Kayak, Wedding, Love
“Sir, are there supposed to be snakes in these narrow water passageways?”
I finally asked what was bothering me with every step into the puddle of water.
It was about 6:15 am when the path was barely visible but it was not completely dark. We were a group of 6 people – our guide, an old couple from New Zealand probably in their late 50s, three college kids in their early 20s, and myself.
We had just finished a mini hike through the wetlands of Alleppey to reach a kayaking spot where we were supposed to venture into the open backwaters in kayaks.
As soon as I asked that question, I heard a collective sigh of exasperation from the college kids.
“Why would you even ask that?“ one of them cried while others rolled their eyes and shrugged their shoulders in exasperation. It was as if I had brought out their worst fears in the open.
The guide went one step ahead. He said with a twinkle in his eyes as if relishing our misery,
“Yes, you can encounter a few cobras here and there. And there are also some water snakes but they are not poisonous.”
None of us uttered a single word of response. We just stared at each other with half horror and half confusion wondering if he was joking or serious.
Anyway, thankfully, we never faced/saw any snake. There was a spider or two that entered our kayak while navigating through narrow stretches of water. For a moment, I did wonder if it was radioactive and bit me so I could probably turn into Spiderman later.
Anyway, moving on.
The Kerala Wedding
I am visiting Kerala, an Indian state, often known as God’s Own Country because of its scenic beauty, for the first time.
One of my closest friends got married and I feel extremely privileged to witness a traditional wedding ceremony in South India at a church as opposed to the flamboyant weddings of North India.
I was surprised at the simplicity of the people as well as the environment of the wedding. No fancy outfits (my friend’s cousin told me, pointing at my friend sitting on the stage, “Bro, you are more dressed than him!” :D). No loud music. No over-the-top expression of the extravagance.
And most importantly, the whole thing barely lasted 4 hours in the daytime. This included the church ceremony and a lunch reception, both happening at two different places 4-5 km apart. The bride and the groom even changed outfits in that half an hour gap!
I mean come on! 😀 Most weddings in North India only begin at 9 pm and don’t get done until 6-7 am. Almost everyone involved is drained, sleepy, exhausted, and frustrated. I could never be excited about those weddings for precisely this reason!
Anyway, coming back to the church ceremony, it lasted for about 2 hours. It also happened in Malayalam- an Indian language spoken in Kerala which I don’t understand. The priests spoke and sang for the entire duration.
However, I did manage to catch exactly 4 phrases that they told the couple in English about expressing love.
4 Ways of Expressing Love
I am sharing the phrases that I heard from priests but the description that follows is my interpretation as I could not understand their explanation:
1. Being together
This might seem obvious but it also made me wonder about long-distance relationships. Maybe being together does not just mean being physically around each other.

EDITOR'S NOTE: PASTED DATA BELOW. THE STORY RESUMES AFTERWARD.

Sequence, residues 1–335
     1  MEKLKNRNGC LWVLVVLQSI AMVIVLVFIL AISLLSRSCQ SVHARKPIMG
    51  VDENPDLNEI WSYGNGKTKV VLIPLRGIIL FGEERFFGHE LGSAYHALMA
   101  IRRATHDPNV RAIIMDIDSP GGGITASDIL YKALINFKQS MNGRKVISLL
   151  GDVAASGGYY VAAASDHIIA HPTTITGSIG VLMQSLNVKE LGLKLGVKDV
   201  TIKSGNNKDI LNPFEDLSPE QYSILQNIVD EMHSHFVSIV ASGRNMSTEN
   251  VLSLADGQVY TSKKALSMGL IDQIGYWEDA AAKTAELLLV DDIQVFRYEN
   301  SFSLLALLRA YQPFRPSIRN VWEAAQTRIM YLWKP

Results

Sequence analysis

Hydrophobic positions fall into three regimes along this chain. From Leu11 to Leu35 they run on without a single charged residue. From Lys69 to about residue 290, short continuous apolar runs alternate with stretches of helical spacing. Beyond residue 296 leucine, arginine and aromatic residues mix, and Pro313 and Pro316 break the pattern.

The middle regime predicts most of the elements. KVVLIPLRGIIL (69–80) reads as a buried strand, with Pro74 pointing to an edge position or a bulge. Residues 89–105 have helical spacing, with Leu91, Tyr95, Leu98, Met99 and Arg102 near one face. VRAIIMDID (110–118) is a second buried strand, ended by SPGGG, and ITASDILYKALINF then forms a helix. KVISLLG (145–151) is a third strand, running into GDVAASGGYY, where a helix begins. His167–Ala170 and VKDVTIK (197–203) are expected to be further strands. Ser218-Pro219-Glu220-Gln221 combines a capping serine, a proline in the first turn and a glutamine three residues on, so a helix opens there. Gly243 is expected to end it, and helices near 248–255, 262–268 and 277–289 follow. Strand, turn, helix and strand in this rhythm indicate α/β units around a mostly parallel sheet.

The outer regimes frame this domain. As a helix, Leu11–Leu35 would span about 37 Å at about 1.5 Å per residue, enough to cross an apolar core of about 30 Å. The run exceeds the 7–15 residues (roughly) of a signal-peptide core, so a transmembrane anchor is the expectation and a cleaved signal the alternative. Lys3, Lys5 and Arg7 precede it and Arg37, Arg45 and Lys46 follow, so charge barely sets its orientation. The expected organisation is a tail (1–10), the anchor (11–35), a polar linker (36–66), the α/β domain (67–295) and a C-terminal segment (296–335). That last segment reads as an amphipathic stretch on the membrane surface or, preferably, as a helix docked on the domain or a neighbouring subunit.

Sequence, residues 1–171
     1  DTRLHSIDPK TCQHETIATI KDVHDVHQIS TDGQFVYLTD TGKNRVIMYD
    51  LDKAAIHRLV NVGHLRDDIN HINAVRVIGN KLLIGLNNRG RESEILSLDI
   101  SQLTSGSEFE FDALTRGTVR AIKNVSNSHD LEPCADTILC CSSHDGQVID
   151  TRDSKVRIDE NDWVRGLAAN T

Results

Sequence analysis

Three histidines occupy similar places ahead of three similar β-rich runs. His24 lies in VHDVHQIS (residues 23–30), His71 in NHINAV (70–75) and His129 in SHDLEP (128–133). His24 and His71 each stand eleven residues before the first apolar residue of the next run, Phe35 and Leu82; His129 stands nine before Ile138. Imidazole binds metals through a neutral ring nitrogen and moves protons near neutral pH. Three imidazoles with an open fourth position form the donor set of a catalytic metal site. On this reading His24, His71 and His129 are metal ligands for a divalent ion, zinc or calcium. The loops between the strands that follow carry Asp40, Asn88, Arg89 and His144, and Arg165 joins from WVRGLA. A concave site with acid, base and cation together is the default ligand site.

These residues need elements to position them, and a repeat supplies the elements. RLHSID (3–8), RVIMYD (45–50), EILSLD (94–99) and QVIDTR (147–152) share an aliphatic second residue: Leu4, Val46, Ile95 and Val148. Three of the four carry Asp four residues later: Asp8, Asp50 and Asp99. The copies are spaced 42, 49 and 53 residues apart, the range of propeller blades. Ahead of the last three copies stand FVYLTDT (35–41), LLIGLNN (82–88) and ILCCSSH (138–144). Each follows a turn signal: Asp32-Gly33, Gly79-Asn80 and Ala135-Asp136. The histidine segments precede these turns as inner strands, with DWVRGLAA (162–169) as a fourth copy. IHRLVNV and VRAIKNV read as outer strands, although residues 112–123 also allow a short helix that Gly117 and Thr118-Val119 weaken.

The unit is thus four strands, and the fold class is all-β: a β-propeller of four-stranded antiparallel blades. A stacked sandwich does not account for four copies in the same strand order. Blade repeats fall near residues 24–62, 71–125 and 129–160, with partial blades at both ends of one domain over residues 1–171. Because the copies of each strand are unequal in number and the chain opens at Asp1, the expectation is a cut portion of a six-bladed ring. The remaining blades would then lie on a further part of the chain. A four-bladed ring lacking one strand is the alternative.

But, it could also mean being together on a mental, emotional, and spiritual level.
I once read somewhere that a relationship can hold a mirror and your worst insecurities and fear can come to the surface. A healthy relationship is one where both partners can be together as non-judgmental witnesses and help each other process their inner insecurities and win their battles.
Being together in this way is also a way of expressing love for each other.
Communication is undoubtedly the cornerstone of any healthy relationship. Sometimes we forget that people cannot read minds, (unless of course you know Occlumency and live in the fictional world of magic!).
Telling each other how you feel without blaming the other is one part of communication. But, not taking things personally while listening is also an equally important part.
Both need to coexist for communication to work.
It reminded me of one of the five languages of love which is “acts of service”.
Sometimes “words of affirmation”- another love language- might not be enough. Words alone don’t matter to express love. Action is equally important. It might not always be grand gestures of love. It is more about the little actions as well.
I don’t know what they could be though. If I ever fall in love or find such actions by experience, I will let you know. This is merely my interpretation as of now. 😀
This one was tricky for me to interpret. I have never found any resonance or connection with any specific deity or the idea of God as taught to me.
So, I am unsure what would it mean to express love via God.
One idea I resonate deeply around God is the idea of everything being part of the same fabric. The essence of everything and everyone is the same.
That is why in some philosophies they say that everyone is God. Not from an egotistical point of view but a spiritual point of view. God lies within us. God lies in everyone around us. God is not somewhere outside to attain or experience.
From that understanding, maybe expressing love is about recognizing that spark of divinity within each other.
It is not about putting each other on a pedestal. It is also caring about self-love, self-respect, and personal growth because you are aware of your divinity. It is also about encouraging the partner and helping them realize their potential and the divine spark within them.
By remembering and recognizing this essence of God within each other, you express love.
What do you think?
Do you agree with the above interpretations?
What was missing?
Let me know in the replies! 🙂
Until next time,
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